University law school raises questions about religious freedom

  • February 13, 2013

When it become known in January that Trinity Western University (TWU) was seeking accreditation for its law school, newspaper columns and letters pages almost immediately erupted with opinions about why the school should, or should not, be trusted to train lawyers.

A similar uproar occurred more than a decade ago involving TWU’s teachers college. In both cases, the controversy centred on a requirement that all students and staff agree in writing to refrain from a number of non-biblical behaviours, including sexual intimacy outside of traditional marriage.

The university, a Christian institution in Langley, B.C., that consistently ranks high in surveys of academic quality, requires all students and faculty to accept a community covenant that mandates, among other things, rejection of all non-marital sexual intimacy and recognition of the Bible as “the divinely inspired, authoritative guide for personal and community life.” The pledge also requires the school community to abstain from several other non- Christian activities, including gossip, slander, lying, cheating, stealing, pornography and drunkenness.

The Council of Canadian Law Deans (CCLD) has been TWU’s most vocal critic. It contends that the accrediting body, the Federation of Law Societies of Canada, should investigate whether the university’s covenant respects federal and provincial law, and also consider the school’s “intentionally discriminatory impact on gay, lesbian and bisexual students.”

The covenant, according to CCLD president Bill Flanagan, as quoted in many newspapers, “clearly contemplates discrimination on the basis of sexual orientation.” He made this claim even though there is no mention of homosexuality, or sexual orientation in general, in the covenant, nor any suggestion that any identifiable group of students cannot attend the school.
A professor at the University of British Columbia went further. He claimed that, given the school’s religious grounding, it should not only be denied an accredited law school but should even be prevented from identifying itself as a university.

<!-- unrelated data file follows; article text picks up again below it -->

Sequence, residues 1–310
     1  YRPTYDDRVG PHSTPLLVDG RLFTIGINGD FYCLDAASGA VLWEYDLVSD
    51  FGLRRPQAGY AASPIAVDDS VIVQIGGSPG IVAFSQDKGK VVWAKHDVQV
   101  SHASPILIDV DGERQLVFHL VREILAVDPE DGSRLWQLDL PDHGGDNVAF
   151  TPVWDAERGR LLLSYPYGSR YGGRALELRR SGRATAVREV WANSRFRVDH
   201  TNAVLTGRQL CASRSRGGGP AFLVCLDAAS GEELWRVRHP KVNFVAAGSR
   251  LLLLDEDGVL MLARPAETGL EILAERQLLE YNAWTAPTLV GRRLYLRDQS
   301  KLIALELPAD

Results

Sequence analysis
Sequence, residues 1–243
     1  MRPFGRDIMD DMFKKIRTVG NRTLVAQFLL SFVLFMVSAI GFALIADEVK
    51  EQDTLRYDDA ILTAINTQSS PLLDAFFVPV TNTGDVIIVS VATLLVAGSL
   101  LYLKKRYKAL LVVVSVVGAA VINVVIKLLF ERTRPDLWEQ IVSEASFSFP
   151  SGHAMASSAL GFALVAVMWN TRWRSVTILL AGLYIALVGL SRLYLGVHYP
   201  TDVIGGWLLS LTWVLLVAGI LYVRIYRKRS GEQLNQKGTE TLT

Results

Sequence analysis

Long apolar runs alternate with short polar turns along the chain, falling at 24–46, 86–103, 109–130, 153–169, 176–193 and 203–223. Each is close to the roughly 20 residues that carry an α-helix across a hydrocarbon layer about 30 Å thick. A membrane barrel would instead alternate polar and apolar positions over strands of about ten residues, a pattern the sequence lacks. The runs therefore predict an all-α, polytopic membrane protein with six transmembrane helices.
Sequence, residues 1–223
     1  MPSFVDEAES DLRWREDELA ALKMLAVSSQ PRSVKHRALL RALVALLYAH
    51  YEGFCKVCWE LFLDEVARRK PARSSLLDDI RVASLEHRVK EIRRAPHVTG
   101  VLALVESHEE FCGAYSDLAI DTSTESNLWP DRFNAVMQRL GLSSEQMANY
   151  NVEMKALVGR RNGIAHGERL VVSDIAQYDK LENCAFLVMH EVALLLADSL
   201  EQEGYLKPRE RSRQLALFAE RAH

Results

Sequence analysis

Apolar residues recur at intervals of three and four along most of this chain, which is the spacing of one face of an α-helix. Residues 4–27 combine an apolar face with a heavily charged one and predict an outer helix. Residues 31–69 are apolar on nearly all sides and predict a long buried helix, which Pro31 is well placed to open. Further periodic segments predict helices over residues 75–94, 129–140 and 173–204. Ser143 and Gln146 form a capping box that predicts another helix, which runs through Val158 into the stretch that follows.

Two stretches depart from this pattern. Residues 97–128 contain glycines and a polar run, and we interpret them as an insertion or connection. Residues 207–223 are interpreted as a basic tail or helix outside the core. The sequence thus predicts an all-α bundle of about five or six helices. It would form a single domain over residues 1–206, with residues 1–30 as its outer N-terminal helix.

“A school that demands faculty believe a certain dogmatic way is incompatible with free inquiry. Not a law school, not a university,” wrote Don Dutton of the Department of Psychology.

This comment is particularly curious on two counts. First, if universities were to lose their status due to an affiliation with colleges tied to religious organizations, no more than 15 or 20 per cent of Canada’s current universities would retain their standing. Second, I have never met a faculty member at any university who hadn’t noticed politically correct “party lines” to support. Most law schools seem well subscribed to liberal and progressive viewpoints. Conservatives and religious people may not be ostracized, but they must sometimes feel lonely.

It’s legitimate to question whether a university’s academic program and overall standards meet all necessary criteria for an accredited law school. But to advocate for denial of accreditation solely on the basis being cited by TWU’s detractors betrays an intolerance toward religious beliefs that should have no place in a society that upholds freedom of religion and freedom of speech prominence in the Charter and in case law.

Attempts to discredit the school for its faith-based requirements diminish religious freedom and suggest secular conformity is the sole option for Canada’s law schools. A society of genuine diversity in spirit and culture would welcome the establishment of a law school animated by Christian principles.

Archbishop Michael Miller of Vancouver is among those supporting the school’s bid. He said in a statement that efforts to block TWU from opening a law school on the basis of its religious principles are an example of “threats to freedom of conscience and religion that are becoming increasingly common in this country. I pray for the success of Trinity Western University’s initiative to establish a law school, for the good of society, for believers and non-believers alike.”

The B.C. branch of the Canadian Civil Liberties Association is also supporting TWU because it recognizes the assault on freedom of religion for what it is. It accused the deans of the country’s secular law schools of operating on the premise “that those who are religiously minded should be excluded from all legal education. That would, by extension, include all professors, students and eventually lawyers and judges who held to the religious views the CCLD says are repugnant,” wrote BCCLA president Lindsay Lyster.

The Federation of Law Societies wi ll ultimately determine whether TWU’s law school is accredited. It should judge TWU solely on its overall institutional competence and its academic suitability, not on the university’s religious principles.

(McGarry is the executive director of the Catholic Civil Rights Leaugue.)

 


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